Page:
Pop culture obsessives writing for the pop culture obsessed.
Pop culture obsessives writing for the pop culture obsessed.

Now seems like a good time to explore why it's so hard to write fictional revolutions

Illustration for article titled Now seems like a good time to explore why its so hard to write fictional revolutions
Screenshot: Just Write (YouTube)

A lot of mainstream fiction about revolutionary movements isn’t all that great, which seems bizarre since rebellion against brutally unjust systems and the evil sacks of shit responsible for their enforcement is, it turns out, an inescapable part of real life. A video from YouTube creators Just Write offers an explanation for why this is, looking at well-known examples from film and TV that succeed or fail in depicting revolution.

The clip’s argument basically boils down to the fact that social change is enacted by groups, not special individuals chosen by fate to overthrow an old order. Using examples from shows like Mr. Robot and Westworld, Just Write demonstrates how broader rebellions are usually depicted as secondary—or an outright obstacle—to what’s accomplished by a more important hero character.

Advertisement

The video focuses on book/film series The Hunger Games as an example of how to center a protagonist without making their actions the most important aspect of a revolution. Though there’s plenty of other issues with its story, The Hunger Games is lauded for depicting its main character as one part of a larger movement that is able to resist an authoritarian government because of a collective effort.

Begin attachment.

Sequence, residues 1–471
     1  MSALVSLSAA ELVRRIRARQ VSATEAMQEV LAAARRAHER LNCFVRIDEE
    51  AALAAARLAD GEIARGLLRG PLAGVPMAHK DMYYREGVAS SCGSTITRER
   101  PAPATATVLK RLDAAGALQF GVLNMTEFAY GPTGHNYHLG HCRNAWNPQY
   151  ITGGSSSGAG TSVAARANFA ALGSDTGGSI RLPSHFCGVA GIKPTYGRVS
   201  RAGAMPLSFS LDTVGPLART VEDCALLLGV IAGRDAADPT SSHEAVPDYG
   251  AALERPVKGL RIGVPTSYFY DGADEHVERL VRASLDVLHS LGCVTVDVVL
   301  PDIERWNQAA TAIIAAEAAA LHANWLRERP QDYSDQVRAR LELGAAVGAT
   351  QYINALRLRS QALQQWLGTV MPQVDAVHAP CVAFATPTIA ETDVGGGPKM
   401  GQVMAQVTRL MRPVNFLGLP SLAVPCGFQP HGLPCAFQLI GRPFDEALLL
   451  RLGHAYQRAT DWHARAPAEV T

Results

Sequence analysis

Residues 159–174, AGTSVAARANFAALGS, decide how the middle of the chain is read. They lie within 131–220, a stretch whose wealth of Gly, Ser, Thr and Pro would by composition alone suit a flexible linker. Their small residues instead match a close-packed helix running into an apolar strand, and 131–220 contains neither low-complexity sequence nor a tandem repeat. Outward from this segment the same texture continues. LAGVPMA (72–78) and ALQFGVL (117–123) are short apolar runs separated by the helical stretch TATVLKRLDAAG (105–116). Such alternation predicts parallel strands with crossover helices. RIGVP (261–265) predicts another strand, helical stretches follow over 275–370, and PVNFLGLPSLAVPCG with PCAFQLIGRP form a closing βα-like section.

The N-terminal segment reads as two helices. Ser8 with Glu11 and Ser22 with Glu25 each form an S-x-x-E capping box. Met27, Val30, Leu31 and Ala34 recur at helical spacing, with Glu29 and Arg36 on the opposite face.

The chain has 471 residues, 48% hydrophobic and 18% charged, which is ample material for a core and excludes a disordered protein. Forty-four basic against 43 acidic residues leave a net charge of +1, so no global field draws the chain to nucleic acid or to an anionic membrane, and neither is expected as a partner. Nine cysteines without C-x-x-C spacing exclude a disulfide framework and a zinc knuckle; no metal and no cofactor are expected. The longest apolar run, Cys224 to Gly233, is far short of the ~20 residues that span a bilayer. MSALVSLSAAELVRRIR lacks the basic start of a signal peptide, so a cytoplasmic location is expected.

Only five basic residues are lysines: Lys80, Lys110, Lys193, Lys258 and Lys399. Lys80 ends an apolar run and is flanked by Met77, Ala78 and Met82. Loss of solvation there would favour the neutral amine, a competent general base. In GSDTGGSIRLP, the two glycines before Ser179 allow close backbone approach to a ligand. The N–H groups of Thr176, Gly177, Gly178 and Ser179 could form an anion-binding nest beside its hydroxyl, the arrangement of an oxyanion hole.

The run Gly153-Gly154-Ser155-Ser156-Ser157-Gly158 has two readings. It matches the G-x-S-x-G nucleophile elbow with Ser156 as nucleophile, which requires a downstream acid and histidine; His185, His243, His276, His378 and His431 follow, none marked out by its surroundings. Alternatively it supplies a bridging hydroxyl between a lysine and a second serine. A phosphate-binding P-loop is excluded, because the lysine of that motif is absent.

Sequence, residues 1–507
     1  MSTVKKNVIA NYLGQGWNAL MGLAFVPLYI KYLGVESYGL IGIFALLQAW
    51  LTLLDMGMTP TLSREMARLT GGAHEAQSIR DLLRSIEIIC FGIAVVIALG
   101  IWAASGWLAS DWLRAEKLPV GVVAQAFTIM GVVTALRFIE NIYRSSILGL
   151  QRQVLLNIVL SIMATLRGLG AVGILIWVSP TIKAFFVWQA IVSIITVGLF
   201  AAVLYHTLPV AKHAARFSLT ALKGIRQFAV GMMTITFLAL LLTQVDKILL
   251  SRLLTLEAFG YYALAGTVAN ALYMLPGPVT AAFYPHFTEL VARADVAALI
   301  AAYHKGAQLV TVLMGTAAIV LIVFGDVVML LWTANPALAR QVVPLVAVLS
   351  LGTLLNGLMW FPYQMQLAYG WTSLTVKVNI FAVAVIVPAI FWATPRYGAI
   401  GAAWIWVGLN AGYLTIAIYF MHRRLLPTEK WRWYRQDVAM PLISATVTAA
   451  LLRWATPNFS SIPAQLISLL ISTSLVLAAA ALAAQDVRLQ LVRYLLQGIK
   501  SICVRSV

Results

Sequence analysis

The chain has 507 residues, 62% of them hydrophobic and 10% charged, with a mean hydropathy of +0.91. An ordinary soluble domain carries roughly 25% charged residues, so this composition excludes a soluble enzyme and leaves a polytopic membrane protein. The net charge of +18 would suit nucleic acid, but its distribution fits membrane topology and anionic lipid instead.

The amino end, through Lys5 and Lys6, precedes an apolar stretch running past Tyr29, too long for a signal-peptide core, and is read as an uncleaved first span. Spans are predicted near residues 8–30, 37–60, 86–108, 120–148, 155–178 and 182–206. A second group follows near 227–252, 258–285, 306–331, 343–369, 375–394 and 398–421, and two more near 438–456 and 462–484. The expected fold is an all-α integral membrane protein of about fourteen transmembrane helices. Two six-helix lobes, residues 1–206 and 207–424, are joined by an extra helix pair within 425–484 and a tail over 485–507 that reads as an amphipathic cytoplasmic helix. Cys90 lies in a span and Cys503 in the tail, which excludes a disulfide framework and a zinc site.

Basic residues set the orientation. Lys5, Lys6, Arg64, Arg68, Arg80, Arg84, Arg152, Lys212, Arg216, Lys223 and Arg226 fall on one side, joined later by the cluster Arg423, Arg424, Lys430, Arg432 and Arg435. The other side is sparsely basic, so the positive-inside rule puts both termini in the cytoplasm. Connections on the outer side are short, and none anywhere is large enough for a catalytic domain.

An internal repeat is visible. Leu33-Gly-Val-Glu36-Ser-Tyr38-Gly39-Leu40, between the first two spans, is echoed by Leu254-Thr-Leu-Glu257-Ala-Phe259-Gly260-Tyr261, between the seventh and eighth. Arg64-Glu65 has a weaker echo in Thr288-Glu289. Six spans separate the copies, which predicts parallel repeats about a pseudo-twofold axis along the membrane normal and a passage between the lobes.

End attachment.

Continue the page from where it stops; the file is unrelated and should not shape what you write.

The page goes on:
“It’s easy to have the hero and villain have a fistfight at the end,” the video says near the end. “It’s hard to dramatize an entire social movement.”

Advertisement

Watch the entire video for more on the difficulty of writing fictional revolution and, following in the spirit of its argument, to view a list of protester bail funds linked in its YouTube description.

Send Great Job, Internet tips to gji@theonion.com

Advertisement

Contributor, The A.V. Club. Reid's a writer and editor who has appeared at GQ, Playboy, and Paste. He also co-created and writes for videogame sites Bullet Points Monthly and Digital Love Child.

Share This Story

Get our newsletter